“Garden of Memory”

Musée Yves Saint Laurent | Marrakech
Rue Yves Saint Laurent, Majorelle
May 14–September 16

View of “Garden of Memory,” 2018.

Weaving together poetry, sound, and sculpture, “Garden of Memory” styles itself as a conversation à trois between artists who are bound by friendship and love. Poet and painter Etel Adnan serves as the link among her longtime collaborators Robert Wilson and Simone Fattal, both of whom she met for the first time in the summer of 1972 in Beirut. Her poem Conversations with my soul (III), 2018—here read aloud by Wilson over speakers and heard by Fattal’s sculpted angels—folds into another dialogue, this time between the poet’s different selves.

Fitted with a gray carpet that dulls the sound of footsteps and, from the outset, solicits the sense of touch, the gallery feels like an anechoic chamber, one that invites visitors to turn inward. Wilson’s looped, nearly ten-minute reading is set to Michael Galasso’s string music and punctuated by silences that contribute to an overall mood of contemplation. Galasso’s wistful composition, written for Wilson’s adaptation of Henrik Ibsen’s 1888 play The Lady from the Sea—which resonates with the marine imagery of Adnan’s verse—adds yet another layer to the polyphonic whole.

Visually, the show is dominated by Fattal’s sculptures. Inspired by the encyclopedic writings of the thirteenth-century Sufi mystic and philosopher Ibn Arabi and, in particular, by his discussion of angels in The Meccan Revelations, these works take many forms: hollow terra-cotta stelae inscribed with Arabi’s texts, displayed on plinths in sets of two and five; small and large humanoid figures resting on pillar-like legs; and a row of five glazed angels mounted on the circular wall diagonally, as if to convey their flight. Fattal considers the stuff of her sculptures—clay and mud—as living material, and thus a conversation partner in its own right.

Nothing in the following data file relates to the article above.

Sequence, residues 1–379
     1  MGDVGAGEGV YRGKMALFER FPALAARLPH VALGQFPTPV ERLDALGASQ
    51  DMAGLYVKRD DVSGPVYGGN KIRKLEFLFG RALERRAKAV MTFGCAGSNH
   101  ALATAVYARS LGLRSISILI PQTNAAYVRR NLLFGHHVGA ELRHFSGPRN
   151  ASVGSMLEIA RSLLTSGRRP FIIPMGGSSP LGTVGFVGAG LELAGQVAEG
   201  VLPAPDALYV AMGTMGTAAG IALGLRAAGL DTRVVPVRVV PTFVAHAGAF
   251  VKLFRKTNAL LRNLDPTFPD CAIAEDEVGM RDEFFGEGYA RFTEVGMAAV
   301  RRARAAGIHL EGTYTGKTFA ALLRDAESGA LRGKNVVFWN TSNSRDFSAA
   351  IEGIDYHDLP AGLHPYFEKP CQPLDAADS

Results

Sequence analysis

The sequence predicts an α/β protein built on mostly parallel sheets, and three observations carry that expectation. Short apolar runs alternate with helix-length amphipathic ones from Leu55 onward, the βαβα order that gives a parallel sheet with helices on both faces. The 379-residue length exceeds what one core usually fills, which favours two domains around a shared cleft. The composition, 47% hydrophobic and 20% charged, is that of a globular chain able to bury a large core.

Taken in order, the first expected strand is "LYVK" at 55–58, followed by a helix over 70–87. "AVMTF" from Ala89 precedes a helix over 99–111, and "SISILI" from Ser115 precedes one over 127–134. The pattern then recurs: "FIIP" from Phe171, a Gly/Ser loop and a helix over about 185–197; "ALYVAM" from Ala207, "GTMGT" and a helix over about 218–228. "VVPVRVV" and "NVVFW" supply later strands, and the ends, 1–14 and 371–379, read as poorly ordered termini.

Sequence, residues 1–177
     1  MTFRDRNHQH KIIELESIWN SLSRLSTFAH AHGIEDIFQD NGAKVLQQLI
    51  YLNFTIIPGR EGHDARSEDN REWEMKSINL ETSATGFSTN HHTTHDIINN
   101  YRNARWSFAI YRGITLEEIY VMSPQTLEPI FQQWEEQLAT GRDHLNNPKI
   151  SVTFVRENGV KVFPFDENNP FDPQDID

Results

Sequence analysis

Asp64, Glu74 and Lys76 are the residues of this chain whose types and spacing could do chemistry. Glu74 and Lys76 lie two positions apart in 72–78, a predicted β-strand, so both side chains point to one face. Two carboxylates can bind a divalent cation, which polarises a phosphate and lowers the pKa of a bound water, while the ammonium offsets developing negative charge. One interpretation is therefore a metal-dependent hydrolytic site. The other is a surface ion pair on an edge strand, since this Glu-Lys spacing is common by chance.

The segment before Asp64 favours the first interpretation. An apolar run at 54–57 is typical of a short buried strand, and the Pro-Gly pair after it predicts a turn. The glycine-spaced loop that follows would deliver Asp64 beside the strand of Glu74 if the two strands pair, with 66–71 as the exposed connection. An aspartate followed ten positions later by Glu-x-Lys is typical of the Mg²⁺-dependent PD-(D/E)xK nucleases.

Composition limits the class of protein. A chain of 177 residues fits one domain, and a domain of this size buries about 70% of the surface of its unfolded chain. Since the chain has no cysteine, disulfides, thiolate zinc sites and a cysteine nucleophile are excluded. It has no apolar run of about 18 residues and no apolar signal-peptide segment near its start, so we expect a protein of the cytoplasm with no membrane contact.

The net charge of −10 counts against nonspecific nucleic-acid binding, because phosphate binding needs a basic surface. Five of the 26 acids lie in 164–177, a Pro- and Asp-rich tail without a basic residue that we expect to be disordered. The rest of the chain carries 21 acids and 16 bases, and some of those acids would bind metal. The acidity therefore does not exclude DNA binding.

Agnieszka Gratza

“Pulling at Threads”

Norval Foundation
4 Steenberg Rd, Tokai
April 28–August 20

View of “Pulling at Threads,” 2018.

Framed as a meditation on craft in contemporary artistic practice, this exhibition marshals works by eight artists—including Nick Cave, Abdoulaye Konaté, and William Kentridge—to stage an argument about the postdigital “return to the haptic.” Beading, collage, sewing, and weaving feature prominently. Many of the selected works invite what film theorist Laura U. Marks, in her 2002 book Touch: Sensuous Theory and Multisensory Media, described as “a small, caressing gaze.” They include Igshaan Adams’s Oorskot, 2016, a fragile columnar form made from beads, fabric, rope, and wire; and Nick Cave’s Soundsuit, 2012, a wearable costume featuring an elongated dome made from a pleated-wood basket—the suit is decorated with bugle beads and buttons. An accompanying video, Gestalt, 2014, presents a selection of Cave’s outfits being worn during a performance. Their quivering and jingling sound engulfs the exhibition.

The selection is evenly split between abstract and figurative works, although Maria Nepomuceno’s three untitled sculptures (all 2016) made from beads, ceramic, rope, and resin hover between—they vaguely suggest human and plant reproductive organs. At least half of the works on view are the product of collaboration. For instance, Marguerite Stephens and a team of Johannesburg weavers helped produce Kentridge’s City of Moscow, 2009, a mohair tapestry featuring a large cartoon of a rearing stallion overlaid onto a collaged map of the Russian capital. Both Konaté’s Composition Bleue avec Orange et Jaune, 2016, an ombré drapery with symmetrical rows of predominantly indigo fringes, and Liza Lou’s Axis Defeat, 2007–08, an engrossing depiction of a dissolving Persian rug made from tubular glass beads, were produced with the aid of assistants in their large studios. Even the used jute sacks orchestrated by Ibrahim Mahama into the square drapery TECHIMAN AFRAM, 2017, bear vestigial traces of their past owners.

Sean O’Toole

Nargess Hashemi

Gallery Isabelle van den Eynde
Unit 17, Alserkal Avenue, Street 8, Al Quoz 1
May 12–July 26

View of Nargess Hashemi’s “I will build a tall city interconnected by cul-de-sacs,” 2018.